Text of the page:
My approach differs from many other poets because playing a musical instrument has given me a deeper understanding of music than many poets bring to the fusion. In creating my own bassline for my first attempt, my training helped me find the most appropriate musical context for the poem. Once I laid down the bassline, I recited the poem in tempo, using space in my recitation the way an instrumentalist would in a solo.
When I recite, solo or with music, I try recite more slowly than my normal speech pattern, to give the audience time to grasp them. The music fills the spaces between phrases. When I completed “A Slick Set of Wheels, the bassline and recitation fit together far better than I thought.
The reception the poem received led me to create others. Soon I was selling home-produced cassettes, whose pieces I later recorded on The Sex Queen of the Berlin Turnpike, in 1987. I was fortunate enough to know sensitive musicians who needed minimal direction or none at all, such as Thomas Chapin, Brian Johnson, Joe Fonda, Steve Davis, Richard McGhee III and Mario Pavone, to name just a few.
When I scheduled a party for the record's release, all my accompanists on the recoridng had gigs scheduled in Manhattan. Since I was the only bassist available that I could afford, I spent two months teaching myself how to play and recite at the same time. The multi-tasking made me a less effective reader, but still more than adequate, and playing bass in the band helped me control the flow of the music. The record party led me to form my own poetry band and to perform as a single or duo wherever I could find a gig.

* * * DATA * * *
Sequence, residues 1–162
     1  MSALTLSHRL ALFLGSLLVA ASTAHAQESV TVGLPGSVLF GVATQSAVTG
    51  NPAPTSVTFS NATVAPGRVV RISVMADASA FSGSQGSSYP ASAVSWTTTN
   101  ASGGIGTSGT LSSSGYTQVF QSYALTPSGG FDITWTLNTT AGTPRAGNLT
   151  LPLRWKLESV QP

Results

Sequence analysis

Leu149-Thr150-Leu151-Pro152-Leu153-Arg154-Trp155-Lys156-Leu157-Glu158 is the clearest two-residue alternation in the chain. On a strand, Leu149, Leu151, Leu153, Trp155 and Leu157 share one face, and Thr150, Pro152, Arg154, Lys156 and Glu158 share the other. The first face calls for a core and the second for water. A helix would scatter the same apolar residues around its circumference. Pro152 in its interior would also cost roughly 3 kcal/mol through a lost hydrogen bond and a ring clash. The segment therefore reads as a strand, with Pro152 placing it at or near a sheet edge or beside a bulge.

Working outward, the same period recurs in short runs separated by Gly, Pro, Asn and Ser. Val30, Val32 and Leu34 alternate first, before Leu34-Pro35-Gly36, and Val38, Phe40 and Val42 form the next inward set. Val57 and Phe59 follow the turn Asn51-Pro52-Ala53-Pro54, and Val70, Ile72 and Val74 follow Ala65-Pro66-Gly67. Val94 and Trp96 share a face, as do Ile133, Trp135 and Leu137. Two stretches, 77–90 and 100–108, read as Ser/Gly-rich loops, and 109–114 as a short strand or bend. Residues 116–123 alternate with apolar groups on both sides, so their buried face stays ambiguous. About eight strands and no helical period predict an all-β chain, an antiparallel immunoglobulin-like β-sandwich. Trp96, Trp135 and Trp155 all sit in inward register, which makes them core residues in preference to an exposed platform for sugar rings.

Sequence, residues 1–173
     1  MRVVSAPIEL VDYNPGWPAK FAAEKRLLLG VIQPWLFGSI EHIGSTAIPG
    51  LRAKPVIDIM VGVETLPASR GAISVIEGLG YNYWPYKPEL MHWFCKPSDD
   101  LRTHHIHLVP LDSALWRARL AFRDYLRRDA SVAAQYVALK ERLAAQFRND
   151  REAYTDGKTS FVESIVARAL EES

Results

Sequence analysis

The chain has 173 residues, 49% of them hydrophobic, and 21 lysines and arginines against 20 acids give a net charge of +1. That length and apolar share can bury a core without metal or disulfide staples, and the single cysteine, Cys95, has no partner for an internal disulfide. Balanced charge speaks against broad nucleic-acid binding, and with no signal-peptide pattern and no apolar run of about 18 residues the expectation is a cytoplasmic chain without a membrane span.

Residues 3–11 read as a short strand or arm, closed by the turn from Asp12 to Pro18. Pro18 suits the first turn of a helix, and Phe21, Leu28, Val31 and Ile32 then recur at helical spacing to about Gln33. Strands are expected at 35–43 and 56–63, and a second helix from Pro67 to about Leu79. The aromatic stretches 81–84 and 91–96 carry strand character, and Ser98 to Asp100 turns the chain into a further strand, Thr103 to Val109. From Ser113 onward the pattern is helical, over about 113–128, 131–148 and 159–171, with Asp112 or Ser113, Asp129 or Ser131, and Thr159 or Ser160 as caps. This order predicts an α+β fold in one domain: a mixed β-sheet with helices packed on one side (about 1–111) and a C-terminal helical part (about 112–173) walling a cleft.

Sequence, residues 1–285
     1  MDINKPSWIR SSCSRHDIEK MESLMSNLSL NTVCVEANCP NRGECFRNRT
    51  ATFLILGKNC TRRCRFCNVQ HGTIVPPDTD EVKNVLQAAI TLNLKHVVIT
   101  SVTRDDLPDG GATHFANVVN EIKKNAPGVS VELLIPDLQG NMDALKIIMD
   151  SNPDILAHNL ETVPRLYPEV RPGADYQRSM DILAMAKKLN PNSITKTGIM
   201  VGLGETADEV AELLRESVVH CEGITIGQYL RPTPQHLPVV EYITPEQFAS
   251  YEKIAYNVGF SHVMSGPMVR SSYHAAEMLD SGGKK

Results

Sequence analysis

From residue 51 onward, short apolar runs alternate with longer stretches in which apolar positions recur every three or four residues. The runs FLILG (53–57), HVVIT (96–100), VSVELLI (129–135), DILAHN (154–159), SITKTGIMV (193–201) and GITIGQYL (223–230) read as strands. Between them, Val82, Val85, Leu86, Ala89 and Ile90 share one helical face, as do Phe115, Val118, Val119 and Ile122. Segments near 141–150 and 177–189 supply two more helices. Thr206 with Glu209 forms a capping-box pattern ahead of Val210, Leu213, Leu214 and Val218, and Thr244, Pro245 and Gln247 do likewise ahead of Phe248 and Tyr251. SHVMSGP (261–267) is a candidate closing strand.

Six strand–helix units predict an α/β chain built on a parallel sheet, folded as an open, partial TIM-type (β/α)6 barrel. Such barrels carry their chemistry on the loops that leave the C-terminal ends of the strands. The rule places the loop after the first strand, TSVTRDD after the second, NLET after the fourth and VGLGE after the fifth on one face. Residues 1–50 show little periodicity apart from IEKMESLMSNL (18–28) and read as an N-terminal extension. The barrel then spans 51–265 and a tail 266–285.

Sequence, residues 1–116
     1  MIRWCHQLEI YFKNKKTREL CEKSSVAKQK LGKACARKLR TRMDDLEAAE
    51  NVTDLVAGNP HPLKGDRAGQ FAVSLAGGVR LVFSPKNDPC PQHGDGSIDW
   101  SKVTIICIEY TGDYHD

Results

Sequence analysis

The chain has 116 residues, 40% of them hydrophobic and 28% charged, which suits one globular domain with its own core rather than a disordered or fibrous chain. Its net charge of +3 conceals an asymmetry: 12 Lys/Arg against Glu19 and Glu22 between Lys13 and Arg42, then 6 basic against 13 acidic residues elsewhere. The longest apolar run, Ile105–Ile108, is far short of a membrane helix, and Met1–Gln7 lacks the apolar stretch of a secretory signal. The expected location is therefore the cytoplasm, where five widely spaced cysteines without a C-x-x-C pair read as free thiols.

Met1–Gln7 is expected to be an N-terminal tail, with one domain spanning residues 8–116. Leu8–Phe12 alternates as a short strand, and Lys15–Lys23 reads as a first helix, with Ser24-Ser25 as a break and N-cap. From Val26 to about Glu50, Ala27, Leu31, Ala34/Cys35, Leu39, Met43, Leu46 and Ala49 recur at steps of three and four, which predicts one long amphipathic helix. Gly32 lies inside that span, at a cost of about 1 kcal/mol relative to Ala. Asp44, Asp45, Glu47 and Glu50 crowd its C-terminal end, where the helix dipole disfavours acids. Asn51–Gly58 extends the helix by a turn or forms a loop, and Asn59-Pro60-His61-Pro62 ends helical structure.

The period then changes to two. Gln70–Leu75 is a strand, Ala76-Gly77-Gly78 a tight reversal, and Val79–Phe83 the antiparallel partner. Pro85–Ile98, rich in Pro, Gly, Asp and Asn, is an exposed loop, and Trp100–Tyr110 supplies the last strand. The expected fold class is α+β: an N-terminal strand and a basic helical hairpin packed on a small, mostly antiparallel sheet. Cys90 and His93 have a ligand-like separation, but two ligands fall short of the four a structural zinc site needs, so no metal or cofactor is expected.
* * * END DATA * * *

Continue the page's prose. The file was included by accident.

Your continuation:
I told my band members: play anything you like in any key, so long as it relates to the poem, in effect challenging them to play with freedom, but at the edge of their comfort zones. If, for example, a poem contained a phrase about a bouncing ball, I expected the musicians to find phrases that recreated the ball's bounce musically, not a pat musical phrase.
Over the past decade, my poetry has become more abstract. “Talking monkey grinds to curvature polish” defies literal representation, although a musician could mimic or repeat sounds that might relate to an aspect of the phrase, e.g. a pattern of growls for “grinds” or a smooth glissando for “curvature polish.” The difficulty of finding musical counterparts to abstract phrases allows much more room for improvising. But the same principles apply; the recitation still has to fit within the band's tempo or pulse, however free it may become at any moment.
Once I started my poetry band, I practiced my recitation and basslines every night so that I'd be prepared to work with any unexpected musical situation that might develop during a performance.
This thumbnail sketch of my aesthetic and my working methods may appeal to some jazz poets or it might not. I'm offering an opinion, not a treatise.